Perl 5 source repository now hosted in git

Perl 5’s source code is no longer locked into the odious proprietary Perforce repository where it’s been hosted for years. It’s now hosted in the git distributed version control system. This is a huge win. [The announcement]( lists a number of benefits:
– With a public repository and Git’s extensive support for distributed
and offline work, working on Perl 5’s source becomes easier for everyone
– Because Git is open source, all developers now have equal access to
the tools required to work on Perl’s codebase.
– Core committers have less administrative work to do when integrating
contributed changes.
– Developers outside the core team can more easily work on experimental
changes to Perl before proposing them for inclusion in the next release.
– A vast array of improved repository and change analysis tools are now
available to Perl’s developers.
– The new Git repository includes every version of Perl 5 ever released,
as well as every revision made during development.
Before this move, if you wanted to submit a patch to Perl 5, you had to submit the patch against bleadperl, the main development branch, which was an always moving target. The repository wasn’t directly available, so you had to either keep your own repository that got updated with patches as they were applied, or just deal with your local changes getting stomped on.
Now, that’s all over. It’s butt simple to get the Perl source:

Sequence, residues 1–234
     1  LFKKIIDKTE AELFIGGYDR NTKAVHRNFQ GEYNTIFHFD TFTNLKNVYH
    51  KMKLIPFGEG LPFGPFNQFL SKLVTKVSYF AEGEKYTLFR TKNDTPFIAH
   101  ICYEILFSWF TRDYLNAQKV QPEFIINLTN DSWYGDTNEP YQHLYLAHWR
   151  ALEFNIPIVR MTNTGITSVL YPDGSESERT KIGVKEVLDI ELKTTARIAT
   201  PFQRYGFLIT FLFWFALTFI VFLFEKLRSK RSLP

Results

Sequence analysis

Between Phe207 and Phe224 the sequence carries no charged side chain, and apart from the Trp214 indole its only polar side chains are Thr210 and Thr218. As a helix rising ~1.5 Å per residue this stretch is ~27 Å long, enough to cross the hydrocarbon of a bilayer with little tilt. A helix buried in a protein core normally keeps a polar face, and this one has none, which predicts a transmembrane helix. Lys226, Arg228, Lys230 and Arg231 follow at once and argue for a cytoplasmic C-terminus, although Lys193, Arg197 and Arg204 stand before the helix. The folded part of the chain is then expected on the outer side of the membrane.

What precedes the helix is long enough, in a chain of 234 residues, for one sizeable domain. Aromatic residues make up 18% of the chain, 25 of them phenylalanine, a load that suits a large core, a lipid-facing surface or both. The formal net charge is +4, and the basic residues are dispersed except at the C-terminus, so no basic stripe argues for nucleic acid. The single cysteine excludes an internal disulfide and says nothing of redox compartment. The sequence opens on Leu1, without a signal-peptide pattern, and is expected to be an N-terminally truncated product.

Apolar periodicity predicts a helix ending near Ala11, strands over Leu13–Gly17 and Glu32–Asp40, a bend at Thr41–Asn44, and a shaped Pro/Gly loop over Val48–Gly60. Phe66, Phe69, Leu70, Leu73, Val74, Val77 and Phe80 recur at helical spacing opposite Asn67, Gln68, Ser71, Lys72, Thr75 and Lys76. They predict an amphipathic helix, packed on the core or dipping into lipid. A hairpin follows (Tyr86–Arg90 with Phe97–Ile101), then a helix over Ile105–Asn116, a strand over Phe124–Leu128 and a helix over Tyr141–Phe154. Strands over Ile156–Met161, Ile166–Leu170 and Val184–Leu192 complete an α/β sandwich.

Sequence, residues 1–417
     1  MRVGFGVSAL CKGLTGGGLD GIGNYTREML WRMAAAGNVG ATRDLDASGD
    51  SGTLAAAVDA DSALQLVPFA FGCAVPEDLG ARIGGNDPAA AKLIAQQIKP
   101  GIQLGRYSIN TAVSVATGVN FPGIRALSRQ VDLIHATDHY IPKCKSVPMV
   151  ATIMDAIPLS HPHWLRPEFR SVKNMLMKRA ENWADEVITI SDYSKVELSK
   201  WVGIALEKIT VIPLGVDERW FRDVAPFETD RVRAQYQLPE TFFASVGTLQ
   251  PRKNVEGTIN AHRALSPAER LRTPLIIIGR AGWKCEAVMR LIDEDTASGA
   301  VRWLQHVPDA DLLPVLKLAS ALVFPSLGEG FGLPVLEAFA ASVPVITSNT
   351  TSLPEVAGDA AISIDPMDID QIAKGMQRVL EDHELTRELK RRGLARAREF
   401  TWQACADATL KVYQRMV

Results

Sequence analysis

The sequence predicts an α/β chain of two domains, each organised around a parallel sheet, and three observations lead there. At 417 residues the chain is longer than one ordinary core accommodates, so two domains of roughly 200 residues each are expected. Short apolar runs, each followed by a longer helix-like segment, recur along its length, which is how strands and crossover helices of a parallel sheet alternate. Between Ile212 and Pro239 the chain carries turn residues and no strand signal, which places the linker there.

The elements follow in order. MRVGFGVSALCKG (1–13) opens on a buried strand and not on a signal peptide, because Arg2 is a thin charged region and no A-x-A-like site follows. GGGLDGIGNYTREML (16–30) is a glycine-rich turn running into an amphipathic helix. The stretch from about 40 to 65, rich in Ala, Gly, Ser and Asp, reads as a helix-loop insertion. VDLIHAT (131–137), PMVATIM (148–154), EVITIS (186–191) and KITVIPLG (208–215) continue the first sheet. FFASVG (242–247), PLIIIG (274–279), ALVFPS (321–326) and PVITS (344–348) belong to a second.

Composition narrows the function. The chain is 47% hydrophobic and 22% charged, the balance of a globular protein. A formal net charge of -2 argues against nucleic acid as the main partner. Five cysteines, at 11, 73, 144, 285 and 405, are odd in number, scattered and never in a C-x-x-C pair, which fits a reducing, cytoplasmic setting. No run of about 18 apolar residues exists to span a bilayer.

$ sudo yum install git
(Your package manager may vary)
$ git clone git://
(Time passes as much downloading happens)
$ ls
AUTHORS    perl.h
Artistic      configure.gnu*
Changes       cop.h            perlapi.c

That’s it. Now you have a copy of everything, and can make patches much more easily.
Thanks to Sam Vilain and everyone else involved in this huge move. puts their money where their infrastructure is

[](, a global hotel reservation service based in the Netherlands, has [donated $50,000 to the Perl Foundation]( to help in further Perl development, specifically Perl 5.10.
As Richard Dice, president of TPF says, “ has demonstrated extraordinary vision and community spirit,” but they also know that their infrastructure needs ongoing support. Their IT team is 50+ persons, and Perl is the “language of choice.”
Thanks to for this donation, and let’s hope it is part of an ongoing trend.
Now, if only TPF could get, say, $5 from every company that used Perl. Think how many programmer-years that could buy to help get [Rakudo]( out the door.

How to spot bad Perl code, 2008 edition

[Max Kanat-Alexander]( posted an article called [“How Not To Get Hired.”]( Since I’m in the end stages of finishing [my book on geek hiring](, I was hoping there would be swell interview horror stories. The first bullet talks about not following instructions in a job ad, but the rest is really a laundry list of Perl practices that nobody should be doing any more, and a few more on what we should be doing, starting with using Moose.
I’m sure there’ll be some crabs out there who say “Aw, that’s just all common sense,” but common sense rarely is. It’s well worth a read.

Perl 5.8.9 is out

Perl 5.8.9 is [available for download]( From reading the changelog, it doesn’t seem like there’s too much earth-shaking in it.
There is a wonderful new utility added. An analogue to *perlbug*, the [new *perlthanks* program]( lets you send your thanks to the development team. What a great idea that is.

Perl Mongers at work: adds warn() to Rakudo

This makes me so happy. Eric Wilhelm writes in [this use.perl posting](
> Our [December Meeting]( was a rakudo workshop, where we realized that rakudo had no implementation of `warn()`. While the implementation that got checked-in by the end of the meeting is not fully compliant with the spec’s requirement that warn() throws a certain sort of resumable exception, it does now at least exist, and prints your message on stderr.